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Is 18 too young to drink a beer?

Is 18 too young to drink a beer?

A group of college and university presidents and administrators have called for a public debate to rethink the legal drinking age in the United States. Some of them openly support lowering the age to 18 from 21; others are truly looking for help in dealing with a pernicious and difficult issue — underage and binge drinking on their campuses.

This group, which calls itself the Amethyst Initiative, offers some compelling arguments in favor of lowering the legal drinking age. But these college presidents appear to be an island among opponents; almost immediately, a plethora of groups released statements in response to the Amethyst Initiative, decrying any effort to lower the drinking age and citing statistics covering everything from highway fatalities to decreasing alcohol consumption by 18- to 20-year-olds.

In the early 1970s, many states lowered the legal drinking age to 18 in response to arguments about soldiers dying in service to their country without having the legal right to drink a beer. While each state retains the right to change its legal drinking age, the federal government in 1984 passed a law that withholds 10 percent of federal highway funding to states with legal ages lower than 21. This was enough to convince all 50 states to make the legal drinking age 21, where it remains to this day.

In favor of lowering the drinking age:

  • Young people will drink anyway. The law simply drives them off campus and underground, creating a dangerous binge-drinking trend.
  • 18-year-olds can smoke, serve (and die) in the military services, marry and start families, vote for president, serve on a jury and sign legally binding contracts. But they can’t have a beer or glass of wine with dinner?
  • We can’t teach them to drink responsibly because it’s against the law; we are thus prevented from having that much-needed discussion for fear of appearing to condone an illegal activity.
  • The Age 21 restriction is like Prohibition, and we all know how that worked out.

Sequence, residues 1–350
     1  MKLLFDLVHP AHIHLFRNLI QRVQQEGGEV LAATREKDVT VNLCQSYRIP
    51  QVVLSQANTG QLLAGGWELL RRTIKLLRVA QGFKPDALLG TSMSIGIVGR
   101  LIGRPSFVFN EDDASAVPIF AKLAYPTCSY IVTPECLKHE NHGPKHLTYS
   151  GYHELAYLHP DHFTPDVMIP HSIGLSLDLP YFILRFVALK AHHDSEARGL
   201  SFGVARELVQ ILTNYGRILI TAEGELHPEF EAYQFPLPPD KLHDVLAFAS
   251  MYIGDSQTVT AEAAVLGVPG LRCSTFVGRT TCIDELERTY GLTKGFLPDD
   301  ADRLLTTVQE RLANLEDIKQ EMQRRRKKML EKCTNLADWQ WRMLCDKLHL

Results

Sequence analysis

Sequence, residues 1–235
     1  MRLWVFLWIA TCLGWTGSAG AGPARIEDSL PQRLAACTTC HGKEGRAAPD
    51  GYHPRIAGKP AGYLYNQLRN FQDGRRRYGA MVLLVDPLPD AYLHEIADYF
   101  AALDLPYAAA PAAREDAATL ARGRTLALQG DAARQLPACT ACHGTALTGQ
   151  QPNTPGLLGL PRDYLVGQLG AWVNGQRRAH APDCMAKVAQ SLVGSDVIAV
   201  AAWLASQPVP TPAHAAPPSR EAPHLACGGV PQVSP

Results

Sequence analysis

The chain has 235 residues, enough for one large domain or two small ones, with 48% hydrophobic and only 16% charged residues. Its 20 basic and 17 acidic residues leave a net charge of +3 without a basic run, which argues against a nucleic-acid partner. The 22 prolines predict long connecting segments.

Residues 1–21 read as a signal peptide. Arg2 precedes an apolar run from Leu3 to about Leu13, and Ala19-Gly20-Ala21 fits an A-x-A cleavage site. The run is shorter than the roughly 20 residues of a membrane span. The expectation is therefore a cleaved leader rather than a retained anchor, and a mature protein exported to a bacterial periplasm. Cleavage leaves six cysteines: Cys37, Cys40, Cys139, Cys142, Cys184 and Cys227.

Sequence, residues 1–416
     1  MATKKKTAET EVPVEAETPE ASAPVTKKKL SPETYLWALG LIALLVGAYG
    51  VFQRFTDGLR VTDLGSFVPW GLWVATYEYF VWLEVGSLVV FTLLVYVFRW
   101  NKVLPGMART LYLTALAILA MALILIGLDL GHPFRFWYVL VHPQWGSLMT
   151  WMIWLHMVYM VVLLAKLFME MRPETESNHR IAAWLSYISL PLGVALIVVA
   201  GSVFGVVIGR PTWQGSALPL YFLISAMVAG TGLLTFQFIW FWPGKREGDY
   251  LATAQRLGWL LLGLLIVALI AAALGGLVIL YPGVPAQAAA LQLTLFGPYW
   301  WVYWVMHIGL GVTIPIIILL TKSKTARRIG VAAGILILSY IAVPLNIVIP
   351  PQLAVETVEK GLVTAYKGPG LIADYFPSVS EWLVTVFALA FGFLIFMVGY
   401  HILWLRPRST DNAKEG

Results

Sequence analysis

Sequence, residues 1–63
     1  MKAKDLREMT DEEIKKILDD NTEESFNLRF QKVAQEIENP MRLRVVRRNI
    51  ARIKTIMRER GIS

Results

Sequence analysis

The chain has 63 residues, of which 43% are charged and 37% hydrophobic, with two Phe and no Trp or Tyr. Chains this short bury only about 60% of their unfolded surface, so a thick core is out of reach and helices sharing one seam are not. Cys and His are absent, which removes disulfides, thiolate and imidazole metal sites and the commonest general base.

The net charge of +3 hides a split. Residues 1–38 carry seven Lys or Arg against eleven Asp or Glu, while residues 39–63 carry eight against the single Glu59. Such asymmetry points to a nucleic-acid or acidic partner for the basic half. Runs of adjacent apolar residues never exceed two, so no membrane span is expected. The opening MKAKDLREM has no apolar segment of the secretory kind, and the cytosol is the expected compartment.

In favor of maintaining the status quo:

  • Traffic fatalities have been reduced since 1984. The National Highway Transportation Safety Administration estimates the 21-year-old drinking age has reduced traffic fatalities among 18- to 21-year-olds by 13 percent and saves as many as 900 lives each year.
  • Young brains, not yet fully developed, can be permanently damaged by alcohol abuse.
  • Campuses with strict alcohol bans report fewer binge-drinking episodes.
  • The earlier young adults develop heavy drinking habits or even alcoholism, the harder it is to change. We’re doing them a favor by restricting their access.

In Europe, drinking generally involves a different mindset. Young people learn to drink at home, as part of a social interaction or family mealtime practice, rather than for the purpose of becoming intoxicated.

This is ideal, but it is important to note that young Europeans also see parents, adult family members and friends drinking beer or wine in moderation. Here in the United States, adults are too often seen abusing alcohol — in the home or at bars — and creating many problems for their families and for society. In such cases, learning to drink in the context of family will not be a healthy lesson.

Lowering the drinking age would, however, solve one problem by also legitimizing a discussion about moderation and responsible drinking habits, in addition to guidance on avoiding some of the pitfalls.

American society must change its collective mindset about drinking if it wishes to teach young people to drink responsibly and in moderation. The way Europeans have for generations handled drinking — in a matter-of-fact, moderate way — is a good model. Without that change, however, lowering the legal age to 18 is unlikely to reduce consumption or encourage healthier drinking habits among 18- to 21-year-olds.
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source: The Daily Times, Salisbury, Md.

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